At times it would seem that we live in our own metaphorical Puritan-type communities, where cohesion and conformity—be it liberal or conservative—are absolute truth. Stereotypes of one group or another (immigrants, evangelicals, tea party activists, transgender students, Muslims, etc.) become factual identities, rather than challenged assumptions; and legitimate concerns—employment, security, immigration, global warming, etc.—lead to divided opinion. Fortunately, unlike the citizens in Atwood’s novel, we neither live on that city on the hill, which some would like to return to, nor in the darkened alleyways of Gotham city that some would have us believe.
In the midst of this recent presidential campaign, it may seem that society is stitched together as a patchwork of conflicting ideologies and beliefs separated by intolerance, discrimination, righteousness, and hostility. I myself have been hesitant to venture outside, confined to the rigid knowledge of my own truth. But I encourage each of us to stand with compassion, and to not hesitate in stepping out into the mud, alive and riveted by this complicated, imperfect world.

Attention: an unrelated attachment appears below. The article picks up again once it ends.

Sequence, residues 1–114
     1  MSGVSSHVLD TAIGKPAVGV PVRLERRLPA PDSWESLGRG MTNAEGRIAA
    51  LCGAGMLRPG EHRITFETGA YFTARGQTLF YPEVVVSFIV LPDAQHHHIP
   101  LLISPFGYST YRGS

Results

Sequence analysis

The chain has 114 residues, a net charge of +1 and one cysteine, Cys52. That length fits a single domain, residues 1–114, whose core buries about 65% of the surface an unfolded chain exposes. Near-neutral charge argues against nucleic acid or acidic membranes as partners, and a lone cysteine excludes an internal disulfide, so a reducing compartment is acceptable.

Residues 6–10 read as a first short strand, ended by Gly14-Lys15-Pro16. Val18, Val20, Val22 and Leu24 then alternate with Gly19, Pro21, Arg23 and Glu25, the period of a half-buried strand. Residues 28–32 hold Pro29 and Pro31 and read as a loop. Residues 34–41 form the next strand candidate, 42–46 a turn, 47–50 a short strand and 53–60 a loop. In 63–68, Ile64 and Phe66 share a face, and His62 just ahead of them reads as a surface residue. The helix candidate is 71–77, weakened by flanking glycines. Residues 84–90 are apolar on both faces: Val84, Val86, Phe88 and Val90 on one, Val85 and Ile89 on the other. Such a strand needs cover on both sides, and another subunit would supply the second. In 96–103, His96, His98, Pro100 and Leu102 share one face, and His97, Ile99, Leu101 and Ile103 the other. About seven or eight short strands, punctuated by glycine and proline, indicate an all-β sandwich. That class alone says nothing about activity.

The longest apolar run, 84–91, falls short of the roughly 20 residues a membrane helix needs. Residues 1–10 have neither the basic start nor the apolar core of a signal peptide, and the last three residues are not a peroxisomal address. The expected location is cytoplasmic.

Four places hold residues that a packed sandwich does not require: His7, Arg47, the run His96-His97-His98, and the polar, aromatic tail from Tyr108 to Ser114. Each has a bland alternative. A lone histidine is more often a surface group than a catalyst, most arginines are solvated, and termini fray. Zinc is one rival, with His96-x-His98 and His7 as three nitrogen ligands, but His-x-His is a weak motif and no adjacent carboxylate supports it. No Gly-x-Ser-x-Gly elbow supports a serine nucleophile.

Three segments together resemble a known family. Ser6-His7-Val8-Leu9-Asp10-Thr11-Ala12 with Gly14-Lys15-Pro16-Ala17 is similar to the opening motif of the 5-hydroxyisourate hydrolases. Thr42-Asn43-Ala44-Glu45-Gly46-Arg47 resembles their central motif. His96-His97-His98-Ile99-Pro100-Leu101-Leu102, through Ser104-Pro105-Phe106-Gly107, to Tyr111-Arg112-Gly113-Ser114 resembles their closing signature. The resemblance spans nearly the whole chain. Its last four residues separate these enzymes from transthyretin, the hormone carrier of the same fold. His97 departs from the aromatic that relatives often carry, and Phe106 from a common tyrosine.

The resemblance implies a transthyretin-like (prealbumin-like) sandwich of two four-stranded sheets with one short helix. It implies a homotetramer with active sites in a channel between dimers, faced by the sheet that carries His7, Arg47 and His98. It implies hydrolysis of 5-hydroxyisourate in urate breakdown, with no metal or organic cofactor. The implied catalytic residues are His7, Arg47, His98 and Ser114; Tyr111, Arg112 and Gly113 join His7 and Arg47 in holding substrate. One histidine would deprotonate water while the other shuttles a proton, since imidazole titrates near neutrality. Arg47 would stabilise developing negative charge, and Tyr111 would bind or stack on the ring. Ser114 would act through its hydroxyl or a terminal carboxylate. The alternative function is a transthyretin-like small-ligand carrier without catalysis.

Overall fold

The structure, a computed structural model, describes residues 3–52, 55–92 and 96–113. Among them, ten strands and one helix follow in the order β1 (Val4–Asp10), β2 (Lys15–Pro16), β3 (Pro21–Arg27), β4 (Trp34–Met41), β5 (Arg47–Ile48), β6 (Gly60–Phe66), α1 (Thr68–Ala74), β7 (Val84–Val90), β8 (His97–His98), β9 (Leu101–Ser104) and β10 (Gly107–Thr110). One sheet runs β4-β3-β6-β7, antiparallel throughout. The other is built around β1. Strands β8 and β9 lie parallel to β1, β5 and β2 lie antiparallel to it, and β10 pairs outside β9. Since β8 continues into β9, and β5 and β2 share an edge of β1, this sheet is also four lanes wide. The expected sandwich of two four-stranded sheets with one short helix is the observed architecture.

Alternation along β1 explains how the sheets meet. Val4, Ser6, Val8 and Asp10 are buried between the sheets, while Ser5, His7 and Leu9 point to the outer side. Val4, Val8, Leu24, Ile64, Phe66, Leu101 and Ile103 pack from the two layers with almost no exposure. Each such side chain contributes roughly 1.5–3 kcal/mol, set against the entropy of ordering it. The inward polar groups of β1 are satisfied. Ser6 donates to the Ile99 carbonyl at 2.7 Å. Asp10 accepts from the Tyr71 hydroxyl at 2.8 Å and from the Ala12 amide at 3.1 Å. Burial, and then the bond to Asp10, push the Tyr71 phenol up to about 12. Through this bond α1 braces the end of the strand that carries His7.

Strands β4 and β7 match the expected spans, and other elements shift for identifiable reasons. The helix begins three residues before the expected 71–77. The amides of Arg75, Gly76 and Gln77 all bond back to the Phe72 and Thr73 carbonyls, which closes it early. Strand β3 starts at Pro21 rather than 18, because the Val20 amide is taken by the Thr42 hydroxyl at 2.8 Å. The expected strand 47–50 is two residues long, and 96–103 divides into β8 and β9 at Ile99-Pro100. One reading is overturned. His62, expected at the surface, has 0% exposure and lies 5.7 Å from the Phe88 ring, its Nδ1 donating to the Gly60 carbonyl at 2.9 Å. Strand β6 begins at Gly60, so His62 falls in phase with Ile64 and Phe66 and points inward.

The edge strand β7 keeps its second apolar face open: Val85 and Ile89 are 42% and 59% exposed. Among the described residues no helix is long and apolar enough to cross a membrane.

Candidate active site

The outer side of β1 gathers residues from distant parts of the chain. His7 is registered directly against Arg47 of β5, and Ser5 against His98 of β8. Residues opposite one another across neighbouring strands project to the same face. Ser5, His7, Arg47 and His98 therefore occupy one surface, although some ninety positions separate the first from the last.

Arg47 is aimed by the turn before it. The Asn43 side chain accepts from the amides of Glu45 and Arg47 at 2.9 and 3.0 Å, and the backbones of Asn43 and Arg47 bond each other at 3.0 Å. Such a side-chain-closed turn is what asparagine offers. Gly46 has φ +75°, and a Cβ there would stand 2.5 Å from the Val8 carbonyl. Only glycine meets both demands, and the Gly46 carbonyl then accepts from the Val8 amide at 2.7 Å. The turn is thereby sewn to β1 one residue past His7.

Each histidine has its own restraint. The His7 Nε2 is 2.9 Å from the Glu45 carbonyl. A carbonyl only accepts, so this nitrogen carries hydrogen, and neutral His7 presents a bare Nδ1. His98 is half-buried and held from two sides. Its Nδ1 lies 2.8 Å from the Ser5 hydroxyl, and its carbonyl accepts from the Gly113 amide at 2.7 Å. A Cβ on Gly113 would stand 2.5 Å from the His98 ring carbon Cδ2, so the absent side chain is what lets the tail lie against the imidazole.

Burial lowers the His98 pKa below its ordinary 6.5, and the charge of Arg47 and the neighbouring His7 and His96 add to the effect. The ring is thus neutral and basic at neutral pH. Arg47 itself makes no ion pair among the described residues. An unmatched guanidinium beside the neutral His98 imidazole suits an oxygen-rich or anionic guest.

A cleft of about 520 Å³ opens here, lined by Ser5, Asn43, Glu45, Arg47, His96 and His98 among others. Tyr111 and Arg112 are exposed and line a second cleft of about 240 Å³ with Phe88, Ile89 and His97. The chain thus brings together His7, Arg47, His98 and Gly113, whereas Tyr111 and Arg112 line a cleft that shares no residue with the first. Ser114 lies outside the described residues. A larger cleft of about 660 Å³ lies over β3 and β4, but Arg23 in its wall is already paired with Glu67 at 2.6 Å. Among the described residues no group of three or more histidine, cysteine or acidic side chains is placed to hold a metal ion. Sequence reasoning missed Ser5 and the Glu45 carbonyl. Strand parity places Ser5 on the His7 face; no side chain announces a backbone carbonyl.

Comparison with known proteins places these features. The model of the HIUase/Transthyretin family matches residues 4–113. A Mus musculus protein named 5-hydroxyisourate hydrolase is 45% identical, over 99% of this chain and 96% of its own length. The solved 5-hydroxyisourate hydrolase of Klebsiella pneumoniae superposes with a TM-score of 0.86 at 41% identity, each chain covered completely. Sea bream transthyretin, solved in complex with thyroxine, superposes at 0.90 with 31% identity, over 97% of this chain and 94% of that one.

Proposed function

This is a complicated world,
but not for the sake of trying.
But how do we respond? What is it that I have done?Have I tried to lay in the long grass,
to wake early and see my breath?
When did I last wait to hear,
Not answer, not voice, but a bird,
the woodpecker’s sharp tap outside the bedroom window.
I don’t remember when I last walked in the rain
to look up and see the downpour.
Am I afraid of getting wet, of tracking mud?
How quickly I forget my coat, a pair of boots
Do I even remember where in the closet they are stored?
I must go out this next time.
I must remember that it is expected of me
to not remain dry
to track mud onto the floor boards.
It is expected that I do not remain a stoic philosopher forever.
Good reflection never came from sitting at the altar.
Unless I propose to be a monk,
but even the monk must laugh
and he does look up into the rain.
This is a complicated world
but made less so because I am not a monk
however much I would like to be.
And although not a religious
I will still pray.
Perhaps I will even pray tonight.
Perhaps my words will carry hints of the sacred.
It is a sacred found in the ordinary;
Alive and riveted by this complicated, imperfect world.
Alive and riveted by this complicated, imperfect life.
And my feet have been introduced to mud,
my hair drips rain.
Maybe I shall yet live
or at the very least I will try.